Do you feel lonely?
Are you working on your dreams all alone?
It’s not an easy thing to admit, but I’m somewhat of a lonely loner. And proud of it? (Maybe, I’m getting there).
Sometimes I wonder if I’m missing out on something.
Am I less than, partly missing parts of something I don’t even know I’m missing by being kind of a loner right now?
It Was All I Dream, I Used to…
I used to have these weird nightmares where I would be on a plane, but it wasn’t really a plane, just with the rows of airplane seating in a warehouse-like room. And in the seats were all these people I used to be “friends” with.
In these dreams, I’d feel panic set in from the need to pretend that I was something more than I was because I’d feel like where I am right now isn’t good enough to share.
How can being self-employed from my home office/bedroom in the house I share with my mom stake up against lawyers, doctors, and business professionals? Okay, okay I live at home with my mom… would you buy it if I said she was my housemate? (And yes, I know housemates pay rent).
Not only would I feel less-than in these dreams (did I mention that they were recurring dreams?), but I would feel this deep sadness for all the friendships that I’d lost.
Do you ever feel that way?
I always used to wonder if maybe something was wrong with me. Maybe I’m missing that thing that makes someone a good friend? I’m not sure what that thing is, seeing as I probably don’t have it anyways.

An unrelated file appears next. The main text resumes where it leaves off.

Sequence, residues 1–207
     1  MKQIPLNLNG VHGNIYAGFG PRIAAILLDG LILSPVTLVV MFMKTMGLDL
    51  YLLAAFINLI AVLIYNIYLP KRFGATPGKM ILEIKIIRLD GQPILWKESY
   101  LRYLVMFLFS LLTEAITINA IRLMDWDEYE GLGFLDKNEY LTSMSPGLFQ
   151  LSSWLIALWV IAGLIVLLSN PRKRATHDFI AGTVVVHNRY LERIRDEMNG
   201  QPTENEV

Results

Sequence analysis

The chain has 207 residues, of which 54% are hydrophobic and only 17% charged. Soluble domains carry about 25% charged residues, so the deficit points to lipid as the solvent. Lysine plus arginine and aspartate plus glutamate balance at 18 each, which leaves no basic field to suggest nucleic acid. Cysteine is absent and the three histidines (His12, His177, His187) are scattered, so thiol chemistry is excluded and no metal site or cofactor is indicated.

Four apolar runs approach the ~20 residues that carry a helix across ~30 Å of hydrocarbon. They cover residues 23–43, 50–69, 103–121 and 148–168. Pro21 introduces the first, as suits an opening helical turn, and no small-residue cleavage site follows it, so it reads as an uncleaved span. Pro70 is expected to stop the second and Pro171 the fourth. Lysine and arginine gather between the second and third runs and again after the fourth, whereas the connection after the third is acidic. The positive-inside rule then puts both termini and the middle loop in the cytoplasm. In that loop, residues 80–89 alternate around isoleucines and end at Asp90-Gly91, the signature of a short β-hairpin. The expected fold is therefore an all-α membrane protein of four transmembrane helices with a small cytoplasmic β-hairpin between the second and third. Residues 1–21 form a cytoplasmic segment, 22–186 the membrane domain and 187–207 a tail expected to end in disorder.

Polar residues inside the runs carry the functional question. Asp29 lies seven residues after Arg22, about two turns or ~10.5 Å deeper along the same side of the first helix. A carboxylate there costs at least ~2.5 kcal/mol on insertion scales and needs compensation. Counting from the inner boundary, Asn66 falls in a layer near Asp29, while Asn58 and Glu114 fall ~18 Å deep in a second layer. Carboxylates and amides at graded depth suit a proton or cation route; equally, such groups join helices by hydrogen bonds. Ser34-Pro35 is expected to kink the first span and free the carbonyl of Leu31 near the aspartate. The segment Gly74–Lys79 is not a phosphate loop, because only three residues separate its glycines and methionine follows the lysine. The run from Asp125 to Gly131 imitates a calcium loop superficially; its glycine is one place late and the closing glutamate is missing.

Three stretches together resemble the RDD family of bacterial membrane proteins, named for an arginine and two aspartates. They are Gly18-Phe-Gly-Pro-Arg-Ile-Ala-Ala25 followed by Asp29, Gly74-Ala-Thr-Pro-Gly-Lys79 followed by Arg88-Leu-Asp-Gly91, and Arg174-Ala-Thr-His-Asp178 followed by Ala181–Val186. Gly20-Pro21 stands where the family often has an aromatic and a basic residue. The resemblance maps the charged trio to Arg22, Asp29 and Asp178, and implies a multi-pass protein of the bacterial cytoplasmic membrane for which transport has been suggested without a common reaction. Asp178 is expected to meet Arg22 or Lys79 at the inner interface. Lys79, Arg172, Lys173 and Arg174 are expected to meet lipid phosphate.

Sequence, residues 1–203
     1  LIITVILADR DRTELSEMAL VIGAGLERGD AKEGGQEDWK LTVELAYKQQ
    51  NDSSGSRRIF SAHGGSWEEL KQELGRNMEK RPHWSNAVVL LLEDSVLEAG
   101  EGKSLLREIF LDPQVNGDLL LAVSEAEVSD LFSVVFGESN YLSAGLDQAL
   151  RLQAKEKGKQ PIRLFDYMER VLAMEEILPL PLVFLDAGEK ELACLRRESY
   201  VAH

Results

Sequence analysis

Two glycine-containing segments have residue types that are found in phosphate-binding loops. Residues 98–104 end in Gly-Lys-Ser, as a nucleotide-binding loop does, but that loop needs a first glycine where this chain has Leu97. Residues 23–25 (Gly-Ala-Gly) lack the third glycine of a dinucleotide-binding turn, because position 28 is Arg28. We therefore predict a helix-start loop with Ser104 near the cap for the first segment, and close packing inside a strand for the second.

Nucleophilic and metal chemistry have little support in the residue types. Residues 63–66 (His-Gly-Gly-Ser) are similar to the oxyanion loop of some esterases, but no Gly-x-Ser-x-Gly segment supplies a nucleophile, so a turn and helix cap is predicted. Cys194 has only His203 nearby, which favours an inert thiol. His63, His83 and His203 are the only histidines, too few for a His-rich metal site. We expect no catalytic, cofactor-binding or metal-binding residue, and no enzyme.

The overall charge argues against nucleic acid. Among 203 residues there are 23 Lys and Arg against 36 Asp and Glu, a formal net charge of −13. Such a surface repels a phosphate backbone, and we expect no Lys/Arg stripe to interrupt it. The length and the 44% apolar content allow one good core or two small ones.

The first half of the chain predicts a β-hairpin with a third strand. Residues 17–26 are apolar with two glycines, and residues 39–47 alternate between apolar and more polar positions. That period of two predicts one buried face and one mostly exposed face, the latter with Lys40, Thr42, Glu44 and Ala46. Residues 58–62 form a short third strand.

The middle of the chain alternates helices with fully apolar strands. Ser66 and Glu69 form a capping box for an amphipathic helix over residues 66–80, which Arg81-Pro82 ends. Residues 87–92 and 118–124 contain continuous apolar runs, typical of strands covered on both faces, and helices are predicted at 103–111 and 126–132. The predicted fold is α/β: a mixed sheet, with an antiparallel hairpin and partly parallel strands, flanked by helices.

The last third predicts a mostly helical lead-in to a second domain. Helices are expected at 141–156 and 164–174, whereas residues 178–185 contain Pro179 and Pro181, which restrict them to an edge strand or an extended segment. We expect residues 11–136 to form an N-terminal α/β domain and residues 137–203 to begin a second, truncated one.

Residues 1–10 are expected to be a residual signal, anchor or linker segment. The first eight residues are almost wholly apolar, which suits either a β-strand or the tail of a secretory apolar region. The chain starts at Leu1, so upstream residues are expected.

I must have had this dream at least 10 times. Always the same, always the same feelings from my middle row seat sitting between now strangers.
You know, the typical movie scene reunion incarnated into one of my top 5 nightmares. Maybe I watch too many movies?
We’re Not On the Playground Anymore
Sometimes I wonder, when did it get so hard to make friends?
Do you remember the days when friendships were forged in minutes from liking the same comic book?
“Hey you love Archie, I love Archie, let’s be best friends!”
True story, okay well the theatrical up of a true story. This happened in the fifth grade and we are still friends to this day, not that I actually remember this happening but she reminds me.
I was the one with the comic book. Now I’m the one with the blog? Wanna be friends?
This doesn’t happen anymore. What would we even say?
“Hey you love [enter popular brand here], I love [that brand again], let’s be best friends!”
You can only imagine what the response I would get, “Okay crazy lady with the big hair, don’t rob me.”
Seriously, why aren’t things this easy anymore? Did we have to grow up and become so unapproachable?
Small talk with new people usually follows a similar script (if they don’t think I’m a teenager that is). And I’d be totally lying to you if I didn’t say this was the reason why I avoid it like the plague and often choose to not socialize with strangers.
“So, what do you do?” – I’m self-employed.
“So you don’t have a job?” – Nope, I do my own thing.
“What’s that like?” – A bit of this, a bit of that. Pretty much whatever I like.
“Interesting…” [Insert some eyes glossing over and me swiveling and escaping for the door].
I Try to Blog It Away
I’m so not a journaling kind of girl. I was not that girl who had a diary with that tiny lock and key. I was never one for capturing my thoughts, heartaches and super amazing days on paper.
My philosophy has always been, why bother, if it’s great I’ll remember.
I’m realizing that the issue wasn’t that I didn’t like writing, I just didn’t like the idea of having to physically write on paper.
Where’s this girl now? I can’t find her.
Somehow from writing that first email blog post to a few friends back in June has turned into a daily ritual of at least a thousand words per day.
I am so thankful that I started blogging. It’s only been a few months, but the connections that blogging has brought into my life (and brought back into my life, some of those people on the plane) saves me from feeling total alone.
It’s hard to imagine a day without writing to you now. Especially in this self-imposed loneliness.